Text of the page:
Ox, the point is that this episode makes the Hindu-baiting Commie-Catholics look a bit silly with their “vulnerable minorities” thesis. If that tuftphobic catholic principal was vulnerable to anything at all, he was vulnerable to the Christian dogma that the devil lurked in pagan symbols like the tuft. This irrational hatred of Hindus inspired by blind belief in quran or bible is what could make minorities potentially vulnerable; not the fact that they are “minorities”. I suggest again that you read people like Richard Dawkins and Sam Harris to understand how the Abrahamic faiths inspire hatred of the other among their followers, and how this unprovoked hatred is generating conflict all over the world.

  9. Ot said, on January 13, 2010 at 3:39 am

    Dear Xox,

    >>In Bangalore, in the heart of the city we have Martha’s Hospital.

    That the evangelicals run a hospital in the center of the city on land granted gratis by the Christian British does not make it a good idea that they can get aggressive on Hindus and cut off their tufts. Getting high-handed is what makes “minorities” “vulnerable”, because it invites counter-highhandedness, as happened in Gujarat and Orissa. Suppose you hate your neighbor because he likes to wear flamboyant clothes but your personal god demands that one should always be dressed modestly in a flowing robe. One fine morning you can’t stand it any longer because god is screaming in your head so you attack him and tear off his green pajamas. You cannot expect him to get the point, can you? Theological thuggery of the Abrahamic variety is at the root of the current turmoil in the world. Of course, I am assuming that you don’t want this turmoil. But as its apologists Commie-Catholics definitely need to read Harris and Dawkins, who are atheists not Hindus, so you should approach them with an _open_ mind, even if that’s a bit difficult the first time.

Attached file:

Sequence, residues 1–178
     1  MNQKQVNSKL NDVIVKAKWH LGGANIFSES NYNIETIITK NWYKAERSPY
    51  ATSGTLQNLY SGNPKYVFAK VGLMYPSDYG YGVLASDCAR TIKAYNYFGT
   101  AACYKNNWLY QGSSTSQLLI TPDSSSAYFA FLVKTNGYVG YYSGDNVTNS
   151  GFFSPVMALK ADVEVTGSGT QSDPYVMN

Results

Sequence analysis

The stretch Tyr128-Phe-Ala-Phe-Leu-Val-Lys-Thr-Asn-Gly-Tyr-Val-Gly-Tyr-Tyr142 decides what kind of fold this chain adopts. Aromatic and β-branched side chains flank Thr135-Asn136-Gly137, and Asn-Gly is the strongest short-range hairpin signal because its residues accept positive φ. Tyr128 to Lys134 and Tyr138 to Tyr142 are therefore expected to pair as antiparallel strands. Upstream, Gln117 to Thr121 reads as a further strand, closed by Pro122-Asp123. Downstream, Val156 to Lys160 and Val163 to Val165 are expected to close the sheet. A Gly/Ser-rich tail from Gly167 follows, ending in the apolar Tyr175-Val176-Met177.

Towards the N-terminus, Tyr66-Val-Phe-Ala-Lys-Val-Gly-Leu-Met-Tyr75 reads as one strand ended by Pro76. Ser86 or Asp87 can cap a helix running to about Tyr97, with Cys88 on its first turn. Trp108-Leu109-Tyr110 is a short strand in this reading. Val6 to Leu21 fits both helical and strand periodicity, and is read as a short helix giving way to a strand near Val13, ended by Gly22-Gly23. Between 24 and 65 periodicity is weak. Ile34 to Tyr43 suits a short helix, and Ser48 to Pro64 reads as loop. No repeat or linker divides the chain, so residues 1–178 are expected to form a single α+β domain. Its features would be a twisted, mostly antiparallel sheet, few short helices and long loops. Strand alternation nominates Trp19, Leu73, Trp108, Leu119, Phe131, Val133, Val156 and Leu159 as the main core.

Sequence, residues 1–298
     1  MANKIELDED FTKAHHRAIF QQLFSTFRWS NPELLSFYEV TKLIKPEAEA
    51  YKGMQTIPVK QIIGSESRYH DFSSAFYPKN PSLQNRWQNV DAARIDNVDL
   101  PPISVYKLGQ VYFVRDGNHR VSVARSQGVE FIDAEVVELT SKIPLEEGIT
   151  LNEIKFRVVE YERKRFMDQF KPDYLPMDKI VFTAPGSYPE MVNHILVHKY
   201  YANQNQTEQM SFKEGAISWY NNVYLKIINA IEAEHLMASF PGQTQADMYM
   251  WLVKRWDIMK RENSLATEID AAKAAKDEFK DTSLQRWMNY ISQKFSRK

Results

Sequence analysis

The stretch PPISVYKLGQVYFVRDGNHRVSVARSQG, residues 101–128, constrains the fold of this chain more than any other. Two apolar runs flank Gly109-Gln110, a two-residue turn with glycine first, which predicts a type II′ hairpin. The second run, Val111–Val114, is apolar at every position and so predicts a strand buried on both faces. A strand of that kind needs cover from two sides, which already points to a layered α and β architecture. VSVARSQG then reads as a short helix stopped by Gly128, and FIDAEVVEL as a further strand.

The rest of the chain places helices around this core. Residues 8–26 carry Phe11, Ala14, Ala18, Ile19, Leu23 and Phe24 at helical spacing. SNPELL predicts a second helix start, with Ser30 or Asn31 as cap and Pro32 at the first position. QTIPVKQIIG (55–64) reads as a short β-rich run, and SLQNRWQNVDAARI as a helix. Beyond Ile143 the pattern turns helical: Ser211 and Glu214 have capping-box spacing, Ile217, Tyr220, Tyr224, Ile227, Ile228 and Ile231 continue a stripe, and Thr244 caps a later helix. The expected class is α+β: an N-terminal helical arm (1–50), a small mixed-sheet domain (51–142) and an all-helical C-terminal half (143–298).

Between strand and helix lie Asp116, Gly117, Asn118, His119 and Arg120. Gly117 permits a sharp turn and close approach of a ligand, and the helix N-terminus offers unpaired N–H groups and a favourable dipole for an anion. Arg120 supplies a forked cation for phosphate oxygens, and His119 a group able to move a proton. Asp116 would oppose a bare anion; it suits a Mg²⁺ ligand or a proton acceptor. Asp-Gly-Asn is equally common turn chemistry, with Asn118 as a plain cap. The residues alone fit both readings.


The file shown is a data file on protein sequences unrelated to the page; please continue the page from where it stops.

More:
• Xo said, on January 13, 2010 at 4:22 am

      As I said, cutting off is wrong and is unfortunate. Approaching the courts is the best way to solve the situation, but then again, you may already know what the courts will decree.

      What RC seems to be saying is that all Christian schools should become the way Madrasas have become. Purely religious teaching for their own.

      Does it help anyone if such a thing is done? While Marthas hospital may be situated on land given by British, BGS sits on lands given by Government. Surely both were provided free or at very low cost. So, why the disparity in charges. BGS in last budget too got some funds allocated, not sure is something of that sort was done for other religions as well.

      A lot of Engg / Medical Colleges are run by Hindu Mutts. How many reserve seats / provide Schloraships for poor Hindus. My knowledge – None. Compare this to Christian Institutes which provide scholarships to the needy (Christians only).

      Why do colleges run by our Mutts not do the same. Lets first see what we are before pointing fingers at others is my viewpoint.

      Breast beating can do nothing other than show us as poor losers. Lets first clean ourselves before asking others to clean up.

      • rc said, on January 13, 2010 at 4:52 am


        >>What RC seems to be saying is that all Christian schools should become the way Madrasas have become. Purely religious teaching for their own.

        I am saying that if they want to run secular colleges then they should lose the constitutional protections under the minority educational institute tag.

        Under the current scheme : The constitution simply anoints the community as a ‘preferred vendor of education’. This benefit is preventing the release into free-agent-voter-hood millions of Indians.

  10. Ot said, on January 13, 2010 at 4:40 am